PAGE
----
Microsoft may be taking an official wait and see approach before companies like Oculus and Sony follow the path of virtual reality headsets. That hasn’t stopped the company’s research division from exploring interesting ways to use Kinect and projector technology to create holodeck-like augmented reality experiences in the living room, though. Microsoft Research has prepared some interesting demos and papers on these lines for the User Interface Software and Technology Symposium of the Association for Computing Machinery, showing how far those efforts have come and how they could lead to exciting new forms in the future of gaming.
The first project, RoomAlive, promises to “transform any room into an immersive augmented virtual gaming experience,” as the researchers put it. The system uses six paired projector/Kinect units mounted on the ceiling so that they overlap slightly. These units can automatically calibrate themselves with a series of projected light patterns, converting their individual Kinect depth maps into a unified 3D point cloud model of the room.
From there, RoomAlive translates the point data into a series of vertical and horizontal surfaces representing the walls and furniture, then translates that into a 3D environment in the Unity game engine. Using that virtual representation of the room, the system then figures out how to project a unified image onto those walls and surfaces, distorting the projection to appear correct on each surface. The effect is like transforming the entire room into a computer screen or monitor, complete with player tracking via the array of Kinect cameras.
In addition to some non-interactive demos, MSR showed off a few game concepts using the system. In one “whack-a-mole” game, tracked by Kinect, users can touch or shoot creatures that appear on the wall. In another, a character with weapons controlled by a handheld controller runs across the wall, onto a table, then onto the floor while being chased by robots. The final demo places virtual nail traps on the wall for users to dodge, bathing the room in red when and if they are hit.
Dual perspectives and finger detection
In a similar ACM demo, called Mano-a-Mano, a team of two MSR researchers uses a trio of projector/Kinect combinations to create an augmented reality effect that provides correct three-dimensional perspectives for two different users. Each projector displays virtual objects against the walls, floors and fixtures in a room in such a way that they appear to float in the center of the room. The apparent perspective and size of those virtual objects change when the user’s position and head angle are detected by Kinect to create the illusion of true depth and position in the center of the room.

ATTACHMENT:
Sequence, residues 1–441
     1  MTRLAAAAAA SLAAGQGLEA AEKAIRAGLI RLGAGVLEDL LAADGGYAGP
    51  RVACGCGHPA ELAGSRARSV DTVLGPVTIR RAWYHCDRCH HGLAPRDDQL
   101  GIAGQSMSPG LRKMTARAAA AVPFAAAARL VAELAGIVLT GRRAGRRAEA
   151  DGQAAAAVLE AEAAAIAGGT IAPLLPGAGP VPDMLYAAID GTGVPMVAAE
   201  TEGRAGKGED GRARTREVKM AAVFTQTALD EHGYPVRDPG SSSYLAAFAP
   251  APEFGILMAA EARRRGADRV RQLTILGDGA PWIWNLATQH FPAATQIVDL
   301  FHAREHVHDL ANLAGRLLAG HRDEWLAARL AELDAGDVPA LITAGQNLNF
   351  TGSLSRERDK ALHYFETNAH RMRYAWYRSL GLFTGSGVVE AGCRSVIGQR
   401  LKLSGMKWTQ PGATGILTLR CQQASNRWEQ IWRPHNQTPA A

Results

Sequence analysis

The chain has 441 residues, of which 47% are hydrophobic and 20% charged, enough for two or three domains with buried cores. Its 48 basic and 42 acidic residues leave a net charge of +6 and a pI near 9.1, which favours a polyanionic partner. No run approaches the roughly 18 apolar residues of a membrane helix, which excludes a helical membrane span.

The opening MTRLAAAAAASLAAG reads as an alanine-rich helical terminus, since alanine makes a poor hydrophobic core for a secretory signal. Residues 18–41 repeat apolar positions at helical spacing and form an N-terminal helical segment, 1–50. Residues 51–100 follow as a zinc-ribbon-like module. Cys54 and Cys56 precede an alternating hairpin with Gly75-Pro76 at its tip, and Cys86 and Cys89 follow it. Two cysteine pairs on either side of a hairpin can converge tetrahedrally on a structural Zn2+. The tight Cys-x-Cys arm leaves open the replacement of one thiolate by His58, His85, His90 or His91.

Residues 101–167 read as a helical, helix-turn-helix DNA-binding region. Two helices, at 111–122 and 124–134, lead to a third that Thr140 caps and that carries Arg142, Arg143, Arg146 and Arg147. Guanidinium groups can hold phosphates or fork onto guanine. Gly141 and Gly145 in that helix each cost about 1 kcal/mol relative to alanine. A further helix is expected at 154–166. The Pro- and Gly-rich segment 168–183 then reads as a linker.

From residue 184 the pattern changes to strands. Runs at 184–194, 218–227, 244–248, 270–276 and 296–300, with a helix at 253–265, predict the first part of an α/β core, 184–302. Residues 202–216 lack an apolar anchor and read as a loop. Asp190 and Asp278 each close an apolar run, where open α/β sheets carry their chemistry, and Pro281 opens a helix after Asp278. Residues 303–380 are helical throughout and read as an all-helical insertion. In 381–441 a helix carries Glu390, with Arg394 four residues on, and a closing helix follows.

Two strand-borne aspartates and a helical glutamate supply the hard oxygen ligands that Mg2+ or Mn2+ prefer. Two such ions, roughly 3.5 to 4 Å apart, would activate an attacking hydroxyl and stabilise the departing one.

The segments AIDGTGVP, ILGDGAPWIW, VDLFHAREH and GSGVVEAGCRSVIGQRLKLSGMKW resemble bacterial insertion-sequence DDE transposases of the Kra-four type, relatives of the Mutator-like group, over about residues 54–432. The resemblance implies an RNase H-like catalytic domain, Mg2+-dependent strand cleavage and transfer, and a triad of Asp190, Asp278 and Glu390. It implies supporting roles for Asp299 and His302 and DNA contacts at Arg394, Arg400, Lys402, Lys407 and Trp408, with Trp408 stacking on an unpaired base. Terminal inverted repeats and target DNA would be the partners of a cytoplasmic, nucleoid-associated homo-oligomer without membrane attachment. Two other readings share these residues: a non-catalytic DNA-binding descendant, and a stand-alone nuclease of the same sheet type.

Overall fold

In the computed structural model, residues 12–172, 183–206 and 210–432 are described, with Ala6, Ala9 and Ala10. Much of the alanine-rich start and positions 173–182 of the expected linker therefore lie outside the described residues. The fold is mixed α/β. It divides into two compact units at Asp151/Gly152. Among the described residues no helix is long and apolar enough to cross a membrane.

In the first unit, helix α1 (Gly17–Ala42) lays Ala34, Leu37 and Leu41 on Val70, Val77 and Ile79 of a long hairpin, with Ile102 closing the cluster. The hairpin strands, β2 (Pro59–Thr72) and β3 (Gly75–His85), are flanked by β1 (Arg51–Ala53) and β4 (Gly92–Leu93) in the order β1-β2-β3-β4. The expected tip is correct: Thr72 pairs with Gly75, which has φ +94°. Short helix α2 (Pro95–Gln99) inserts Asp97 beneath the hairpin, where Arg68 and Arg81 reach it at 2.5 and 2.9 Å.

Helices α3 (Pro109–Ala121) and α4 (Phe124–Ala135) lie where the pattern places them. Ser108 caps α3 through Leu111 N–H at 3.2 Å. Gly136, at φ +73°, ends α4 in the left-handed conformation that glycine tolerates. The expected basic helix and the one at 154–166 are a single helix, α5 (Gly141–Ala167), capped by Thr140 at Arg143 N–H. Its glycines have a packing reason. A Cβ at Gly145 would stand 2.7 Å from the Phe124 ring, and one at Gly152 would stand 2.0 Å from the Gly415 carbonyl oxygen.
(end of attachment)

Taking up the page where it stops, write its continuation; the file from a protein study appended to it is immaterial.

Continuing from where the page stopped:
That’s quite a fake 3D solution for a single user, but how can such a system make two people look at a virtual object from different angles? That’s where the multi-projector setup comes in, giving each user their own take on the virtual scene. By “assuming each user is unaware of images being projected onto the wall behind them or their own body,” as the researchers explain, the system can show two different perspectives of the same scene that appear to each user. look correct. In the demo, the system is shown for a simple catch game and for a “battle game” where a user can summon fireballs in their hand and throw them at the user across the room.
The last of MSR’s ACM demos that might be of interest to gamers and game makers is Handpose, a system that adds a degree of detail and articulation to Kinect-based hand and finger tracking. A new tracking algorithm appears to allow researchers to discern individual fingers and hand gestures in much greater detail than previously possible with a standard Kinect v2 sensor.
Users are shown throwing complex finger positions at many different angles, while the tracking system tracks those positions quickly and accurately in a 3D model of the hand. This tracking is “robust against tracking failure,” works up to “several feet” away from the sensor, and works no matter where the camera is, even if the tracking camera moves, the researchers say. A video demo shows users how to use the system to easily grab and move virtual objects by simply moving their fingers together and apart.
Coming to the store… never?
These kinds of augmented reality experiments aren’t exactly new to Microsoft and Microsoft Research. MSR’s latest demos revolve around IllumiRoom, an impressive demonstration from last year that showed projectors being used to take gaming action beyond the confines of a TV screen. And let’s not forget that Microsoft’s 2012 “Project Fortaleza” leak and subsequent patents both point to interest in heads-up augmented reality displays.
Of course, no real products, or even real hints of real consumer products, have emerged from those revelations so far. Microsoft Research’s efforts are only loosely tied to the company’s consumer-facing divisions, and these proof-of-concept demonstrations should not be taken as indications that the Xbox division will be moving in this direction anytime soon. Even if they did, the technology would have to get a lot smaller and less expensive before the average consumer would be willing to mount three to six projector/camera combinations on the ceiling.
Still, it’s nice to see at least one Microsoft division pushing the boundaries of gaming beyond the flat screens and controls we’re used to. If we one day move into a world where projector- and tracker-based gaming is a viable consumer reality, this kind of fundamental research will sow the seed.